What does it mean to be ‘at home’ in an uneven world? How is belonging performed in bodily, spatial, discursive and affective ways that materialise in physical boundaries of demarcation? This research sought to explore these questions in post-apartheid Johannesburg. The city landscape continues to bear the scars of racial segregation, as affluent spaces jarr abrasively and defensively against spaces of poverty (Murray, 2011).
Events in the last few years on the global stage have heralded a new era for domestic workers, which may afford them the voice as subaltern that has been silent until now. Despite being constructed as silent and as subjects without agency, unionised domestic workers organised themselves globally, becoming more visible and making their voices heard. This culminated in the promulgation of the International Labour Organisations (ILO) Convention No.189 on Decent Work for Domestic Workers (or C189) in September 2013, and the establishment of the International Domestic Workers Federation (IDWF) in October 2013. This broadening of the scope of domestic workers activism has not yet received sufficient attention in academic research. These two historic events on their own have the potential to change the dominant discourse around domestic workers, by mobilising workers with agency to challenge the meaning of the political ideologies informing their identity positions of exploitation and subjugation.
Objective: The purpose of this study was to examine the dynamics of workplace violence, and the mediating roles of emotional intelligence personality traits on mental health of mine workers in Northwest Province (NW), South Africa. The study also assessed the influence of selected demographic variables (ethnic group affiliation, economic status, educational level, job position, gender, and place of residence) on mental health of mine workers.
The thesis is a grounded analysis that seeks to understand small, micro, and medium enterprises (SMME) in the ICT sector that are particularly driven by women entrepreneurs in the Buffalo City and Nelson Mandela metropolitan municipalities of the Eastern Cape Province. Small businesses in the ICT sector owned and driven by women are still an understudied topic in South Africa, since there is not much literature that covers the topic from either a quantitative, or a qualitative perspective. The Eastern Cape Province is not an exception to the dearth of literature that focuses on SMME women-driven entrepreneurship in the ICT sector.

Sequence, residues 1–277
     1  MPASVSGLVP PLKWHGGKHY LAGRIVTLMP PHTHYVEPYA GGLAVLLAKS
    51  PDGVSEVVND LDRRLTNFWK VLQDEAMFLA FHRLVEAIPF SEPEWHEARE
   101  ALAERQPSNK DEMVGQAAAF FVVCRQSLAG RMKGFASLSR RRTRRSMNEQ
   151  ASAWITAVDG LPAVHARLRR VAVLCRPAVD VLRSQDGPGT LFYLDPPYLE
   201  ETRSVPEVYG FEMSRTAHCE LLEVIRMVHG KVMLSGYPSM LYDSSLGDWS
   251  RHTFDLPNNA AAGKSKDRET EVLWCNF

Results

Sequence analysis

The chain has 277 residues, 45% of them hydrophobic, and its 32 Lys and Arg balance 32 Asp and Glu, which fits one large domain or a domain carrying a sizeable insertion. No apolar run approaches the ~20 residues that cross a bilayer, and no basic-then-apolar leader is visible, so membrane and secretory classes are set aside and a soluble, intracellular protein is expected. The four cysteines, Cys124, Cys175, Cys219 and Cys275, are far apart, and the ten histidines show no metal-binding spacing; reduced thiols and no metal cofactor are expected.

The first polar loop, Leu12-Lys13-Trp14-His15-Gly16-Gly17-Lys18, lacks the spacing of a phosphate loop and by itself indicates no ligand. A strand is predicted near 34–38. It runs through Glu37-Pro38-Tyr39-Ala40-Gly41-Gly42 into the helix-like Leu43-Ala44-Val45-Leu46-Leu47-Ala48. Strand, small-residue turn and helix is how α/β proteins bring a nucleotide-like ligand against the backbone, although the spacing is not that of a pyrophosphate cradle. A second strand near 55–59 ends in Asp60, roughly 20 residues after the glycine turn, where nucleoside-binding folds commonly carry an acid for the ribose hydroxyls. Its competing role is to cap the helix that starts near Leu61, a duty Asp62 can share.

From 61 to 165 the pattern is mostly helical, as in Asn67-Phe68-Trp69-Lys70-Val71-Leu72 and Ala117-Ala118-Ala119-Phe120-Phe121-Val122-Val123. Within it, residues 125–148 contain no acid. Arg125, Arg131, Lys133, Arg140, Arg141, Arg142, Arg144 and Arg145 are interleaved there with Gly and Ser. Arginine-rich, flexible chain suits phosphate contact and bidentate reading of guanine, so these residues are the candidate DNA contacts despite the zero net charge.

Feedback plays an important role in student learning and development in higher education. However, for various reasons, it is often not as effective as it should be. Many studies have attempted to â€˜solve’ the feedback situation by finding new ways to give feedback, or by exploring the various perceptions around feedback to see where the problem lies. In many of these studies, however, the purpose of feedback within disciplines are taken for granted or not actively made visible.
While correctional centres are often associated with men, there is an increasing number of incarcerated women who have rehabilitation needs that are specific to their gender. Historically correctional centres have responded through offering rehabilitative programmes that stereotyped women offenders into socially constructed gender roles. Using a feminist criminology framework, the current study aimed to explore the subjective inner experience and meaning given by women classified as maximum security offenders to the rehabilitation processes in the Johannesburg Correctional Centre.
The aim of this research project is an investigation of my own body of artwork as it developed over four decades. Artists gradually establish their own unique visual language and oeuvre that distinguish their work. Although this evolvement does not necessarily occur within a linear manner, but rather, grows organically and instinctively, it is possible to discern and describe these characteristics.
This investigation considers the phenomenon of perpetration and its representation in contemporary South Africa. To uncover what is hidden or omitted in these narratives and to understand how writing about violence influences the text and the writer, I critically analyse five recently published books by or about apartheid perpetrators. My first chapter analyses Anemari Jansen’s biography Eugene de Kock: Assassin for the State (2015) by tracking De Kock’s shifting representation over the past 20 years. In my second chapter, which investigates Askari: A Story of Collaboration and Betrayal in the Anti-Apartheid Struggle (2014), I examine writer Jacob Dlamini’s battle to confront black betrayers.
Muslim religious leaders are commonly accused of adopting a conservative interpretation of Islam that guides the way in which they counsel married women on their rights to divorce and how they should address violence in the marital context. They have also been viewed as favouring male-dominant positions, protecting abusive husbands and adopting a reconciliation-at-all-cost approach.
Nakubeni luninzi uphando olwenziweyo ngesihobe somthonyama ziingcali ezifana nooQangule (1979), Ntuli (1984), Sirayi (1985), Bokoda (1994), Mtumane (2000), Bobelo (2008) noJadezweni (2013), luncinci uphando olunzulu ngemisebenzi yobugcisa yeembongi zomthonyama eMzantsi Afrika ngexesha elilandela ubandlululo.